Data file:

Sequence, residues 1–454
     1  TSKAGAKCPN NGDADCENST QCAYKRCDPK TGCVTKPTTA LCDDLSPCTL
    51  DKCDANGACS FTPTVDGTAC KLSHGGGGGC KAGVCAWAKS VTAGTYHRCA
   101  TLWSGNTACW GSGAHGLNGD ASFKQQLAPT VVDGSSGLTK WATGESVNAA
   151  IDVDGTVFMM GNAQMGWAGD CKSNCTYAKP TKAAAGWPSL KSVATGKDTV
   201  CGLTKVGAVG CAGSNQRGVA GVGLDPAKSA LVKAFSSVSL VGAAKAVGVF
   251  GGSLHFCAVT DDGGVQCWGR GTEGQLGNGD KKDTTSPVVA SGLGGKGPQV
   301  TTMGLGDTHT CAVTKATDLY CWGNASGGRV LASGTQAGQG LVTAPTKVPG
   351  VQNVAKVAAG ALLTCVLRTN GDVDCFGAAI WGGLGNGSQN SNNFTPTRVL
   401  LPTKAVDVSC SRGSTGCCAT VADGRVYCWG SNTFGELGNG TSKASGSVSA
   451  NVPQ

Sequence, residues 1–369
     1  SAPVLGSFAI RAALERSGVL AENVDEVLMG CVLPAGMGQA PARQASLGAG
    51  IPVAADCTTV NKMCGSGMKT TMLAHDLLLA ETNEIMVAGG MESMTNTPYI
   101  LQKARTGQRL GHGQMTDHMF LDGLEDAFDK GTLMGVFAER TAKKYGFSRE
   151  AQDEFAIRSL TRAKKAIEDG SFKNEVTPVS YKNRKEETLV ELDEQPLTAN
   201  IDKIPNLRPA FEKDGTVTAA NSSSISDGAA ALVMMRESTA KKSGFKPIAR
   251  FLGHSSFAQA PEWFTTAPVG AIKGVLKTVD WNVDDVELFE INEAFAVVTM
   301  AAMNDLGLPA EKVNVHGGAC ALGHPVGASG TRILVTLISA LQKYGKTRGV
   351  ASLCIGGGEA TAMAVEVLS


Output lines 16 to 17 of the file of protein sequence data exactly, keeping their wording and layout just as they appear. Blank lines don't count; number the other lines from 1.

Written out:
   151  AQDEFAIRSL TRAKKAIEDG SFKNEVTPVS YKNRKEETLV ELDEQPLTAN
   201  IDKIPNLRPA FEKDGTVTAA NSSSISDGAA ALVMMRESTA KKSGFKPIAR